Michael Fagan was a man who gained notoriety for breaking into Buckingham Palace, the residence of Queen Elizabeth II, in London, England. The incident took place on July 9, 1982, and is one of the most well-known security breaches in the history of the British monarchy.
Fagan, who was a 32-year-old unemployed painter and decorator at the time, climbed over the palace walls and made his way into the Queen’s private apartment. He was able to elude security and eventually made his way into the Queen’s bedroom, where he conversed with her for several minutes. He reportedly sat on the edge of her bed and spoke to her for several minutes, during which time the queen reportedly pressed an alarm button but it was reportedly disconnected. The incident caused widespread shock and disbelief and raised serious questions about the palace’s security and the royal family’s safety.
A footman eventually heard the commotion and was able to detain Fagan until the police arrived. Fagan was eventually arrested and charged with theft and trespassing. He was found to suffer from mental health problems and was subsequently sent to a secure hospital for treatment. He was eventually released and led a quiet life, avoiding the public eye.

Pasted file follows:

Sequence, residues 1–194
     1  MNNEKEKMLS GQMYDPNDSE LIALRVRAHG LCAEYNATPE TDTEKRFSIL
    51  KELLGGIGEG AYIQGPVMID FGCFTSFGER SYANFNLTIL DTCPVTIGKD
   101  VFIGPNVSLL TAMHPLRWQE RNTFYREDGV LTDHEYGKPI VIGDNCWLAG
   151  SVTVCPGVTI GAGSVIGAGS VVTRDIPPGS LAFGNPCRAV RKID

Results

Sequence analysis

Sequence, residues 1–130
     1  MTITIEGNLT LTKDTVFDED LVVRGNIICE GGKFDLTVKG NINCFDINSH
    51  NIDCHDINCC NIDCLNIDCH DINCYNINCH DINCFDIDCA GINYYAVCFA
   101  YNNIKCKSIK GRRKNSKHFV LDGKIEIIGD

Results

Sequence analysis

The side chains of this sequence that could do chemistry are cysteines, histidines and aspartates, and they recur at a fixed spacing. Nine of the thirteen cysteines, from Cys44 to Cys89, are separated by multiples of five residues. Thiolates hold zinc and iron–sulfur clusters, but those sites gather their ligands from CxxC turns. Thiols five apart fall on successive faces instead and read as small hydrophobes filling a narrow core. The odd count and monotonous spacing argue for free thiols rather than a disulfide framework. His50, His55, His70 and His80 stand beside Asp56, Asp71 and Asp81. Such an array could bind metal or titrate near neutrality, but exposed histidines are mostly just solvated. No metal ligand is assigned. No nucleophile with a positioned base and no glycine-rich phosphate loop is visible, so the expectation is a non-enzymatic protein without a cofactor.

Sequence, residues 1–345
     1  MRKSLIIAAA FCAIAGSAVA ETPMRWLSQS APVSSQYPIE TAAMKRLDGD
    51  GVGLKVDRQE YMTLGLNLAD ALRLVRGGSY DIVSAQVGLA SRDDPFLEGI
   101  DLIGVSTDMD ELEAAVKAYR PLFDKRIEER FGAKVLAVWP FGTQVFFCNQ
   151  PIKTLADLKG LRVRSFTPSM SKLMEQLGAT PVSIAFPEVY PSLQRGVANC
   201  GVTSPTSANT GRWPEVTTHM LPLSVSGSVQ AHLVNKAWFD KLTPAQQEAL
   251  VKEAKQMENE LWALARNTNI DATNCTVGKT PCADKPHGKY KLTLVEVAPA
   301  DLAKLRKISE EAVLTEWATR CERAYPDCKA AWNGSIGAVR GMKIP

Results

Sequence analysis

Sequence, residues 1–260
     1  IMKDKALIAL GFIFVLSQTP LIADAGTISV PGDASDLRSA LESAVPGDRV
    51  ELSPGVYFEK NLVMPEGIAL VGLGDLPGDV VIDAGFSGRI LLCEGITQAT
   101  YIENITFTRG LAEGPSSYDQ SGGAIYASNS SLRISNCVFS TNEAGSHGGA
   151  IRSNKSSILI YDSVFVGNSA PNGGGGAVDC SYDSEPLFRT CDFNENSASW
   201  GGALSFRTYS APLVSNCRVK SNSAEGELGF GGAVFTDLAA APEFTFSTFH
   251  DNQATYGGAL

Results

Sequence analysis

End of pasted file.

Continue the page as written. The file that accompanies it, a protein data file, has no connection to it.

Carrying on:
The incident significantly impacted the royal family and the British government, leading to a significant review of palace security and the implementation of new measures to prevent similar incidents from happening in the future. The incident remains one of the most famous security breaches in the history of the British monarchy and is often cited as a wake-up call to the need for increased security measures at the palace.
Despite the severe nature of the incident, the conversation between Fagan and the Queen has been described as friendly and relatively relaxed, with the Queen reportedly keeping her composure throughout the encounter. The Queen later said that she had not been frightened by the experience and that she had been trained to keep her calm in such situations.